The Royal Bank of Scotland announced Friday the intention to pay its first dividend in a decade, once its settlement with the U.S. Department of Justice (DOJ) is finalized.
While well below the pre-crisis payout, the ability to offer a dividend to shareholders is a milestone for the group, RBS Chief Financial Officer Ewen Stevenson said on Friday. This initial interim dividend will stand at 2 pence per share.
“It’s obviously a massive event for the organization — last time we paid a dividend was 2007. I think it’s a really positive sign of how much progress the bank has made over the last few years,” he told CNBC’s Nancy Hungerford.
The U.K. lender has been mired in a years-long legal saga with the DOJ over its selling of toxic mortgages in the U.S. in the run-up to the 2008 financial crisis. The lengthy settlement agreement process has prevented the bank from providing dividends to its shareholders. In May, RBS agreed to pay a £3.6 billion ($4.9 billion) penalty to the DOJ to end the investigation.
“We do have to get the DOJ agreement signed relating to RBS, but once that’s signed we’ve declared today a 2 (pence) dividend subject to that,” the CFO said. “And I do think from here we’ll build payouts very nicely, we do expect payouts to increase significantly going into 2019 and 2020.”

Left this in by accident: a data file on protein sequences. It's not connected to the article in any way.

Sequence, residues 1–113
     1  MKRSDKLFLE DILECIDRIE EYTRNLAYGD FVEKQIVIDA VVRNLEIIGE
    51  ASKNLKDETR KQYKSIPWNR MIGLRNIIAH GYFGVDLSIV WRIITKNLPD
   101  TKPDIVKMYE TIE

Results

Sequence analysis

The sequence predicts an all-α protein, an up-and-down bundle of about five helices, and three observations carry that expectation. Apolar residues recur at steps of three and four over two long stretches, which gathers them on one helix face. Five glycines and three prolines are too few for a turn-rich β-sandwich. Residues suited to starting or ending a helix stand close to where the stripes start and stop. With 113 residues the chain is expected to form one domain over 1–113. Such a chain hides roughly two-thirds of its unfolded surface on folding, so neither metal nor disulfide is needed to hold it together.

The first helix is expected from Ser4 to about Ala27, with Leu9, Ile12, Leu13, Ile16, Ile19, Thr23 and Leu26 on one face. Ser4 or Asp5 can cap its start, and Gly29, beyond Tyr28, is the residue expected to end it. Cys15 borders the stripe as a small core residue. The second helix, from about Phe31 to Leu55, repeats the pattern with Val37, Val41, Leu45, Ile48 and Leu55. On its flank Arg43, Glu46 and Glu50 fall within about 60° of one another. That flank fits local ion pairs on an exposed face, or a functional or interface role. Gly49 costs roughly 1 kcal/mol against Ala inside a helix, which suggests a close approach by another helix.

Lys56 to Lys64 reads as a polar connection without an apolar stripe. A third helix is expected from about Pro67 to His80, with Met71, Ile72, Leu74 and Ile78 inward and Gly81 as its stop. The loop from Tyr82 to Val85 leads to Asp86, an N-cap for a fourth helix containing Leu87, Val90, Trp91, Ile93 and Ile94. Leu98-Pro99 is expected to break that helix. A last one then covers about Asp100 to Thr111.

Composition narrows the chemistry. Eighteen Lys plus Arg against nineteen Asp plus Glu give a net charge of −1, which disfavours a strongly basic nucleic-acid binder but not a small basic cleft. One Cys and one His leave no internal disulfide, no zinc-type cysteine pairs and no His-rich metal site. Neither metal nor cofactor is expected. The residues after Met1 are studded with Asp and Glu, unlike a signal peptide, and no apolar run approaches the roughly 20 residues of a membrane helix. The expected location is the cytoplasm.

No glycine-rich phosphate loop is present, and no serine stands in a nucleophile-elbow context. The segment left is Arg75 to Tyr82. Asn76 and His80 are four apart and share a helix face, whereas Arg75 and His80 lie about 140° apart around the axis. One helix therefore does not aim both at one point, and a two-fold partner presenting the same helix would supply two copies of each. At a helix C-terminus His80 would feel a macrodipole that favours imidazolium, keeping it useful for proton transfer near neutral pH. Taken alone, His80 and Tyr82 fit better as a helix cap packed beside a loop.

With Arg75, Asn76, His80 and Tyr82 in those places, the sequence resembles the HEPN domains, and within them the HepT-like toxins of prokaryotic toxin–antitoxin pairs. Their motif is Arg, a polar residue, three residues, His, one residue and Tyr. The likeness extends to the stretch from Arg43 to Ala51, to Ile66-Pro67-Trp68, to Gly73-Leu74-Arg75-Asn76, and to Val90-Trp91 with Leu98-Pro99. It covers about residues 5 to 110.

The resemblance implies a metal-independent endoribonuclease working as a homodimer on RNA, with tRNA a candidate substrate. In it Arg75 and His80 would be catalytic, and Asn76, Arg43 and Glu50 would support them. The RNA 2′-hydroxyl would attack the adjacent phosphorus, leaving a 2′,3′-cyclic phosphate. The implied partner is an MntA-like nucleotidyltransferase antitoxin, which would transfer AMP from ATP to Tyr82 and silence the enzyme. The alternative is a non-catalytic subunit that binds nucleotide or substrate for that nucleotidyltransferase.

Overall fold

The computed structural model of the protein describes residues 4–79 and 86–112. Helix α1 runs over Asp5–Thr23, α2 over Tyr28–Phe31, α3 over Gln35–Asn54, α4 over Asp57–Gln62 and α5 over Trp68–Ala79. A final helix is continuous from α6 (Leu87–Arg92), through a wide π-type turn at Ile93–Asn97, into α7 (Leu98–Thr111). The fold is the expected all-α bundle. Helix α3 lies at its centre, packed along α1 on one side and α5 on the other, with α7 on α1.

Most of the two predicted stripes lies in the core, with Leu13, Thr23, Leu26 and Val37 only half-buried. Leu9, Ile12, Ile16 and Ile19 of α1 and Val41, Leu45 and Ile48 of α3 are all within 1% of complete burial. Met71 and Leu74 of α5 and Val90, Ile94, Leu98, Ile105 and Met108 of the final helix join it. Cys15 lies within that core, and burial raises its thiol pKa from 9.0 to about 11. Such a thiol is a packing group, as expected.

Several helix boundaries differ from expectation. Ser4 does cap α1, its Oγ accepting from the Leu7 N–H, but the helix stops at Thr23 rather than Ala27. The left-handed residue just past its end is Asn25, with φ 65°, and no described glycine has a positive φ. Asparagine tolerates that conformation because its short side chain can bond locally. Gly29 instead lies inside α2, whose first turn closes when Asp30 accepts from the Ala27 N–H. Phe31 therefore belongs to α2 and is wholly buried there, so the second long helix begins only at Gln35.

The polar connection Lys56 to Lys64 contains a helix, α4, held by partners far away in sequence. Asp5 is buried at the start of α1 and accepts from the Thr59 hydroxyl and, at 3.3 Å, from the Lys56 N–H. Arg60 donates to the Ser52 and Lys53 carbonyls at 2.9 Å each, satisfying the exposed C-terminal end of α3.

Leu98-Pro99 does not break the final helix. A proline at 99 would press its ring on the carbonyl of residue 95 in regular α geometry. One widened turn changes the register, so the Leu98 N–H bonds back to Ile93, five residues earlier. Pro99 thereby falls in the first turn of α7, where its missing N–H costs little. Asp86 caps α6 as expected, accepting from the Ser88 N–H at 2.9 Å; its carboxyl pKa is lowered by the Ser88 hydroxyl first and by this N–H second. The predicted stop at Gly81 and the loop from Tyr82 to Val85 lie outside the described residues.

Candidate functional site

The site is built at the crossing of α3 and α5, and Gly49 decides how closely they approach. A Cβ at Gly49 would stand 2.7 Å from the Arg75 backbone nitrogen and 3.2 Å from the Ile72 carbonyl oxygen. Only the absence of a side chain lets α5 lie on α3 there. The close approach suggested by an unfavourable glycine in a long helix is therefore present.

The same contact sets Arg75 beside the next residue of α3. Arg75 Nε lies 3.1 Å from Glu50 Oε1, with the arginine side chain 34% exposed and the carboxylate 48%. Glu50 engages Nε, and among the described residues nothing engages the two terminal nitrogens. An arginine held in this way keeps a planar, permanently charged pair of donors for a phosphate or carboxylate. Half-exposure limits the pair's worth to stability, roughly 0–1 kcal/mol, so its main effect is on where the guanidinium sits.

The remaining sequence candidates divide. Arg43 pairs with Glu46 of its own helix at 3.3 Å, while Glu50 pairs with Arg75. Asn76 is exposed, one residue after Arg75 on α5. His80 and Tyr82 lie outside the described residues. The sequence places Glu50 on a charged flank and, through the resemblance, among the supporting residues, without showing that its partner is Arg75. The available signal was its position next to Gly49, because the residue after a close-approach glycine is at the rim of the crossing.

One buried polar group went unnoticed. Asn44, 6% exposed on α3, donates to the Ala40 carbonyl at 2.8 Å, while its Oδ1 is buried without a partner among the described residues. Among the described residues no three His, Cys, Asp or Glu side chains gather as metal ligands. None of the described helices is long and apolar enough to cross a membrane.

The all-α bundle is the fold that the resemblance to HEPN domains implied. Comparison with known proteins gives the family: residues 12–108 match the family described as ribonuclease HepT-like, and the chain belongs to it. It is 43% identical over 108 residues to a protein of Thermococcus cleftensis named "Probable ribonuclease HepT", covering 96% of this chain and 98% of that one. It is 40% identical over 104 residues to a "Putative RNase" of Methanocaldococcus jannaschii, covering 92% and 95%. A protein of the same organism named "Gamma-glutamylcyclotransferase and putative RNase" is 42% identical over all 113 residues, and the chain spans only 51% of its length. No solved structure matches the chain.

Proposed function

RBS also reported a loss for the first half of the year after paying out £1 billion ($1.3 billion) of the DOJ fine. Attributable profit for the British lender came to £888 million, down 5 percent from £939 million in the first half of 2017.
The payout of the charge will pave the way for the U.K. government to sell its 71 percent stake in the bank, which has been majority taxpayer-owned since its bailout in 2008.
“We’re pretty pleased with the results today, another good six months for us,” Stevenson went on. “We’ve managed to keep income stable in the retail commercial bank despite the pretty tough operating conditions out there, costs continue to come down and a really nice build in capital. So overall pretty pleased with the results.”
Conduct and litigation costs were £801 million for the year’s first half, including the £1 billion DOJ settlement. Still, costs are down for the group by £133 million, down 3.6 percent compared to the same period in 2017.